The simple moving average is probably the most basic form of technical analysis. Even hard core fundamental guys will have a thing or two to say about the indicator.
A technical analyst must be careful to avoid analysis paralysis, because there are an unlimited number of averages and time frames you can choose from.
Below is a play-by-play for using a moving average on an intraday chart. In the below example, we will cover staying on the right side of the trend after placing a long trade.
The below chart is from TIBCO (TIBX) on June 24, 2011.
I know this is a few years ago, but the market is destined to repeat prior setups; it’s all human nature at the end of the day.
Notice how the stock had a breakout on the open and closed near the high of the candlestick. A breakout trader would use this as an opportunity to jump on the train and place their stop below the low of the opening candle. At this point, you can use the moving average to gauge the strength of the current trend. In this chart example, we are using the 10-period simple moving average.
Simple Moving Average – When to Sell
Now looking at the chart above, how do you think you would have known to sell at the $26.40 level using the simple moving average?
Let me help you out here. You would have had no clue.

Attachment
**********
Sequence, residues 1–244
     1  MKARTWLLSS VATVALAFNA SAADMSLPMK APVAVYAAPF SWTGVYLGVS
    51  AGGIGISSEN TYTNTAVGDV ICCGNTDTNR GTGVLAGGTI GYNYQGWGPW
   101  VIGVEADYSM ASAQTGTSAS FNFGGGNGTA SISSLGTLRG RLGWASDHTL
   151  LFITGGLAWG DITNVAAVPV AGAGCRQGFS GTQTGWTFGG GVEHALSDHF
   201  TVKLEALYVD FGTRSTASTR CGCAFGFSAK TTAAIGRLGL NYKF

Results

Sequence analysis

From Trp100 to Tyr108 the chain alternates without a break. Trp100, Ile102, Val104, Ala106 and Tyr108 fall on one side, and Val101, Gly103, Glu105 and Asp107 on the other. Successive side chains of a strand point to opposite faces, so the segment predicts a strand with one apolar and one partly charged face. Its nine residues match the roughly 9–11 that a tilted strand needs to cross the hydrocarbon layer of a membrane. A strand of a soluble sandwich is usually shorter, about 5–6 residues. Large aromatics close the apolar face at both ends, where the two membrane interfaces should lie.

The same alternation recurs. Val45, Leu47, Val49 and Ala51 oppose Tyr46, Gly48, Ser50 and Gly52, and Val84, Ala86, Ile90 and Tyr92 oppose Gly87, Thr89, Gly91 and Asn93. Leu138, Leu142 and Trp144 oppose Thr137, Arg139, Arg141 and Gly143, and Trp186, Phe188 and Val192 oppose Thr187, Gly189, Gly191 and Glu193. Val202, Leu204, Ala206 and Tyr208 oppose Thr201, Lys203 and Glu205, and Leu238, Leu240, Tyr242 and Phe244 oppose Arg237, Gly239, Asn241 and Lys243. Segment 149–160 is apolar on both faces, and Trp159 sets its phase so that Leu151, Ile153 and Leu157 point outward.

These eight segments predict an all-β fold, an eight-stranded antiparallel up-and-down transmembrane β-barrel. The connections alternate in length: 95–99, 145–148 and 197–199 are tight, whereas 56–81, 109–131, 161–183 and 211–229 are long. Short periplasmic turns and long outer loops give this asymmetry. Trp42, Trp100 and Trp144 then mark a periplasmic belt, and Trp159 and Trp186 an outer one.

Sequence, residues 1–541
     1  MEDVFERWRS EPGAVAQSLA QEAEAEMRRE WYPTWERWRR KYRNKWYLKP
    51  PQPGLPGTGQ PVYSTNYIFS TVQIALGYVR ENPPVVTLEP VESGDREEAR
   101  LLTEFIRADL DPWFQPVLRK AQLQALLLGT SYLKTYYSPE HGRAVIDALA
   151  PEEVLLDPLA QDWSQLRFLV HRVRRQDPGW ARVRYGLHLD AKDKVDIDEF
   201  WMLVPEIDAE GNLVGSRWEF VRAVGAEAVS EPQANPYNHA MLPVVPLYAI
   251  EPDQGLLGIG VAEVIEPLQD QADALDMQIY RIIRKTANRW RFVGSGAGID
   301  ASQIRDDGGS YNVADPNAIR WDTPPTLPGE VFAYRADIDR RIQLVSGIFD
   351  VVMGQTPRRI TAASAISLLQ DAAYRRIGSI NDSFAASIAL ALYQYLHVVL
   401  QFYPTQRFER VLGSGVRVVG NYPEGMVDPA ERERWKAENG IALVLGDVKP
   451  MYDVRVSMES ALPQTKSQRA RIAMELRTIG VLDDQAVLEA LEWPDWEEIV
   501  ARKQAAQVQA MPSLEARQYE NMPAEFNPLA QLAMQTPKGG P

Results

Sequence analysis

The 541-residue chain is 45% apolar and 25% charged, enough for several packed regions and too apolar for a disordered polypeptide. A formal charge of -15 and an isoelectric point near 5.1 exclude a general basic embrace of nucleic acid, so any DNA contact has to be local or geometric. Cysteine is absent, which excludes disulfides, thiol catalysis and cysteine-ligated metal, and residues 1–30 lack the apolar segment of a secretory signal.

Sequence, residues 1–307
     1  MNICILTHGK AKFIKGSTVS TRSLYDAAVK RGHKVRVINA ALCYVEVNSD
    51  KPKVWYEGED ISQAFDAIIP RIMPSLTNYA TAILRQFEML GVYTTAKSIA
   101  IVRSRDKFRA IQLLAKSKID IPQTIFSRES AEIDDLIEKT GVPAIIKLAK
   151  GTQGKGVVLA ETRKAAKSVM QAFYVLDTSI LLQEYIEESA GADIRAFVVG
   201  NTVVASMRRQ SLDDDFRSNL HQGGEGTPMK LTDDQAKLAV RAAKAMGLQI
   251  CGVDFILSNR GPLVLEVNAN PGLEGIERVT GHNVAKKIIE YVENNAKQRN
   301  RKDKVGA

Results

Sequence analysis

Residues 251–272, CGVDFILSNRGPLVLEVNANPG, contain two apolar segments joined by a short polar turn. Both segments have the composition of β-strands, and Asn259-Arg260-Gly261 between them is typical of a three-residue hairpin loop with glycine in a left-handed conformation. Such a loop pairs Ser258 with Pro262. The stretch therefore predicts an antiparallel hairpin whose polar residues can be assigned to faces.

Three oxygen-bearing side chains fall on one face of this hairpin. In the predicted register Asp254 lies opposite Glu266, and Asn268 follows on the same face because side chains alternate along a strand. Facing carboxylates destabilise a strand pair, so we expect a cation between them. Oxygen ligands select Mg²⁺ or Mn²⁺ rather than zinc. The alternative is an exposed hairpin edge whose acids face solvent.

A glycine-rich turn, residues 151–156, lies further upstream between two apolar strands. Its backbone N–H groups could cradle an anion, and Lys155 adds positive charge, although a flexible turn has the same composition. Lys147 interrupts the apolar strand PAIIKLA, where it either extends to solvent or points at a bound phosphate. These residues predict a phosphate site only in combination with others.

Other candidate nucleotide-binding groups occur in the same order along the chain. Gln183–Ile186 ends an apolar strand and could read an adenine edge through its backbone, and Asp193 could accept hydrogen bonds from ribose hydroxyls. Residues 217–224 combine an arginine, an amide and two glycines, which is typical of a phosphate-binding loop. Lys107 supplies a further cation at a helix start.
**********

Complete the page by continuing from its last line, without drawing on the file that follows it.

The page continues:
Far too many traders have tried to use the simple moving average to predict the exact sell and buy points on a chart. A trader might be able to pull this off using multiple averages for triggers, but one average alone will not be enough.
So, save yourself the time and headache and use the averages to determine the strength of the move.
Now take another look at the chart. Do you see how the stock is starting to rollover as the average is beginning to flatten out?
A breakout trader would want to stay away from this type of activity. Now again, if you were to sell on the cross down through the average, this may work some of the time, but in the long run you will end up losing money after you factor in commissions.
Why would you lose money? Well in majority of cases, a break of the simple moving average just leads to choppy trading activity.
If you don’t believe me, try simply buying and selling based on how the price chart crosses up or under a simple moving average. Remember, if trading was that easy, everyone would be making money hand over fist.
Let’s take another look at the simple moving average and the primary trend. I like to call this the holy grail setup.
This is the setup you will see in books and seminars. Simply buy on the breakout and sell when the stock crosses down beneath the price action.
The below is an intraday chart of Sina Corporation (SINA) from June 24, 2011. Look at how the price chart stays cleanly above the 20-period simple moving average.
Isn’t that a beautiful chart? You buy on the open at $80 and sell on the close at $92.
A quick 15% profit in one day and you didn’t have to lift a finger.
The brain is a funny thing. I remember seeing a chart like this when I first started out in trading and then I would buy the setup that matched the morning activity.
I would look for the same type of volume and price action, only to later be smacked in the face by reality when my play did not trend as well.
This is the true challenge with trading, what works well on one chart, will not work well on another. Remember, the 20-SMA worked well in this example, but you cannot build a money-making system off one play.